These Mini Lemon Bundt Cakes are the perfect fresh, zingy small cake for Springtime. A tender, light sponge fragranced with lemon zest and studded with juicy blueberries for a fruity pop. Each cake is decorated with a tangy lemon glaze for an added citrus pop.
Little cakes such as these mini bundts, or cupcakes like my Strawberry Almond Cupcakes and White Chocolate Cupcakes, make perfect individual-sized treats. Easy to transport and share, they are perfect for all occasions, from a Mother's Day Brunch to an Office Potluck.
These individual little bundt cakes are an absolute delight. Made with Greek yogurt, the sponge is super fluffy and soft. With lemon zest and lemon juice, in the sponge, each bite is filled with a tangy citrus hit that is accentuated by the lemon glaze.
Fresh blueberries are dotted throughout for a surprise burst of juicy fruitiness. This really is the best mini bundt cake as it truly embodies the Spring and Summertime. I hope you love them as much as we do - they're a favourite at home! If you love blueberry desserts then be sure to check out my Blueberry Nut Crumble as a fabulous summer dessert.
Why you'll love this recipe
- Uses basic ingredients. All the ingredients are basic pantry or fridge staples. If you don't have blueberries- check out my variations for great alternatives.
- Can be made as cupcakes if you don't have a bundt pan. Don't worry if you don't have a special mini bundt cake pan! These make the best cupcakes ever!
- Simple to make. These use a very simple method of making cake batter. No fancy tricks, no fancy equipment necessary.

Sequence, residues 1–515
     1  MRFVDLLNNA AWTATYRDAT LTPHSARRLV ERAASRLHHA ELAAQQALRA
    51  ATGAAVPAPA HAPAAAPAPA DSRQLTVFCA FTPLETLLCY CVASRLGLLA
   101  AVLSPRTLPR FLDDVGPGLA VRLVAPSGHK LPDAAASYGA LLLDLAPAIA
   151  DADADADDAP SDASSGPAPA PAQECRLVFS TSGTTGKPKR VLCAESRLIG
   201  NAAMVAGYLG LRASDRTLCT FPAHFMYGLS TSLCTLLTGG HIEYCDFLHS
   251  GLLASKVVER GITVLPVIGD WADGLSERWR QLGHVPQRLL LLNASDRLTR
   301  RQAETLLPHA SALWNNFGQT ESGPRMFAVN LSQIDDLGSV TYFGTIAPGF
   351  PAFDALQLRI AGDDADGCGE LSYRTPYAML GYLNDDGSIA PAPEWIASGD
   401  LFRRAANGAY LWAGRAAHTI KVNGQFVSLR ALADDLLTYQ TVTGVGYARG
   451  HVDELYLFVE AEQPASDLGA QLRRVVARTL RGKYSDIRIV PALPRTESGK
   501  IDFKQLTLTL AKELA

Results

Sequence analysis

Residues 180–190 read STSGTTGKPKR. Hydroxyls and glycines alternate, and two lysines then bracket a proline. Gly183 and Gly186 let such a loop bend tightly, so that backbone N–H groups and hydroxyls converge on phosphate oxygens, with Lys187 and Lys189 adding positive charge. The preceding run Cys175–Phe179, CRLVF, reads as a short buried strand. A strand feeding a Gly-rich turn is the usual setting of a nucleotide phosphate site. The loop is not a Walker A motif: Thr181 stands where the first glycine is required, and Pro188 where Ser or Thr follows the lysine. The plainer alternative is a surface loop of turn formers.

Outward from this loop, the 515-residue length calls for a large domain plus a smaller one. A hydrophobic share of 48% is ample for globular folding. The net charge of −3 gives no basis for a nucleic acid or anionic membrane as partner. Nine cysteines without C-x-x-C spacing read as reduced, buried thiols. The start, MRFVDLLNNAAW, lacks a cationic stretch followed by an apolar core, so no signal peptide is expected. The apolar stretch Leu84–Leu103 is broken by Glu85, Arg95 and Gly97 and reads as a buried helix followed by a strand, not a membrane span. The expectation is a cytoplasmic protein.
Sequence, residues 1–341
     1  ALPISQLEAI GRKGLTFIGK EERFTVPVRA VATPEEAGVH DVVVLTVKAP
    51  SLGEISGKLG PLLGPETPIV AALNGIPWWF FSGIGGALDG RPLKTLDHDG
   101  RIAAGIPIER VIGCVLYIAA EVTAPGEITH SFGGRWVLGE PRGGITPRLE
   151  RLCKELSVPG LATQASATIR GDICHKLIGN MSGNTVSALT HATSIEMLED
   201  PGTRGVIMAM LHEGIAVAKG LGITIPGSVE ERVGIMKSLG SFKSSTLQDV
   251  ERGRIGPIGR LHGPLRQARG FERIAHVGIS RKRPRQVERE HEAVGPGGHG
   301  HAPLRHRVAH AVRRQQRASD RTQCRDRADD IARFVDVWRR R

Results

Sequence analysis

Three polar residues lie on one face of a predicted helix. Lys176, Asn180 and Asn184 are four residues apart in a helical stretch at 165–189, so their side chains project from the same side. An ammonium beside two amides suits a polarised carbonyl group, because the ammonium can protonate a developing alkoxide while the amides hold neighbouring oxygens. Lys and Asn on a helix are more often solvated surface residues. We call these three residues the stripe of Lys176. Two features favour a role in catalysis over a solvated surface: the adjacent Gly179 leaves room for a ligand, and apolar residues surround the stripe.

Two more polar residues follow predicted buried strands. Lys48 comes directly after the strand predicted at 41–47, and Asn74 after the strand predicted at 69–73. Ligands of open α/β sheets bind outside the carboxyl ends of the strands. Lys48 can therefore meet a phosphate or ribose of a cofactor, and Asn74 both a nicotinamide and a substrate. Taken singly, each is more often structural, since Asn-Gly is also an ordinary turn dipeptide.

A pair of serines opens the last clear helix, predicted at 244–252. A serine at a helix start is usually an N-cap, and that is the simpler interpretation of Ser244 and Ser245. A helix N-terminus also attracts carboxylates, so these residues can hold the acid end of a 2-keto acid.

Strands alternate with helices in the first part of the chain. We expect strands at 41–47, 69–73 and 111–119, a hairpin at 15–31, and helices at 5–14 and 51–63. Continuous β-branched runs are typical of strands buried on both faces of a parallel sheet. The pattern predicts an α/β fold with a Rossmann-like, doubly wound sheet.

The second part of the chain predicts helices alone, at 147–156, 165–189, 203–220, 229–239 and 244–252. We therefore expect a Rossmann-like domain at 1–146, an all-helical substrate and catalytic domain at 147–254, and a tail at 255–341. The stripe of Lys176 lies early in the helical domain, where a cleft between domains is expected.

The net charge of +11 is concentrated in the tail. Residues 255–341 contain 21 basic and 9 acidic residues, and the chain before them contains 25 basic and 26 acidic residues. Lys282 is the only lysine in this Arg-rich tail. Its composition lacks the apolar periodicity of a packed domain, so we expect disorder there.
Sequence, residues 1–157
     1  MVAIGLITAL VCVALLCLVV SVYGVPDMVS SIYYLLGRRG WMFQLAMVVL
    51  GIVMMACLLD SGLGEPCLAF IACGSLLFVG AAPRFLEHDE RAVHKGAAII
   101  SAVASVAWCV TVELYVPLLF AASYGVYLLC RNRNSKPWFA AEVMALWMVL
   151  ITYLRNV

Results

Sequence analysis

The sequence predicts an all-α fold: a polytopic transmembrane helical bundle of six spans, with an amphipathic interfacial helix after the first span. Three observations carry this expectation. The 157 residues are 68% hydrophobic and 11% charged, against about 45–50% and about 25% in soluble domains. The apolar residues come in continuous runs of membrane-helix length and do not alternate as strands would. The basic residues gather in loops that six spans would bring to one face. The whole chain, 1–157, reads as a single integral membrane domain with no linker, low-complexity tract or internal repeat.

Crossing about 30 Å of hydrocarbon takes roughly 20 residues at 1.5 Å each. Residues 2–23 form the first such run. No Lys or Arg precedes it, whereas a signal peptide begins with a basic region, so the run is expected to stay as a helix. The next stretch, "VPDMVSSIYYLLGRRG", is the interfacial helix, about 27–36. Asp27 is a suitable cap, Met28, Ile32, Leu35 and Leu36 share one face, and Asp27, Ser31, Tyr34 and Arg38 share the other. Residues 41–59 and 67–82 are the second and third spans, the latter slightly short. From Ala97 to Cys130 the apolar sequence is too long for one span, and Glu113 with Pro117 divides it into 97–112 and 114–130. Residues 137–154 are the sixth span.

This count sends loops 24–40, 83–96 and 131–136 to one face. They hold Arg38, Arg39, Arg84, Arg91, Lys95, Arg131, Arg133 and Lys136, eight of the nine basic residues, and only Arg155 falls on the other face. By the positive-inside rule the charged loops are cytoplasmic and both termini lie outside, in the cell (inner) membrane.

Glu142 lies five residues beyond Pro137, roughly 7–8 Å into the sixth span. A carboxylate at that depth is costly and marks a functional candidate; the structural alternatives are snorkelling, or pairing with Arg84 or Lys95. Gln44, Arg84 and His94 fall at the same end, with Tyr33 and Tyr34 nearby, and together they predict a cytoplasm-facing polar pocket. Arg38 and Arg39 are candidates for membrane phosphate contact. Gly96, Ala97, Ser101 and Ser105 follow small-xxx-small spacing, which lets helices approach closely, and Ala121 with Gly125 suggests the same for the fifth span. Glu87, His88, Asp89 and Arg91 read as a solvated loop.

Head to your pantry and fridge, open it up and you'll find the majority of ingredients for this recipe in there. Lemon and blueberries are the two fresh ingredients that you might have to pop out for but it's totally worth it! Where I can, I provide substitutions too.
Lemon bundt cakes
- Lemon - Both lemon zest (and lots of it) and lemon juice is added to the sponge to max out on that citrus flavour. When we go through the process of making these bundt cakes, I share with you my top tip in getting the most out of your zest.
- Blueberries - Fresh and juicy blueberries bursting with flavour when baked. If you don't have fresh, then frozen blueberries will work just as well. Also raspberries will work great too!
- Greek yogurt - Adding yogurt to the sponge creates added moisture but also compliments the citrus tang. Sub with sour cream, creme fraiche, natural yogurt or buttermilk.
- Butter - Unsalted is specified as fine salt is also added to the batter. If you prefer salted butter then omit this additional salt.
- Sugar - Granulated or caster sugar is used in this recipe. Caster sugar will dissolve that bit quicker when creamed with the butter, but as a standard regular white sugar is perfect.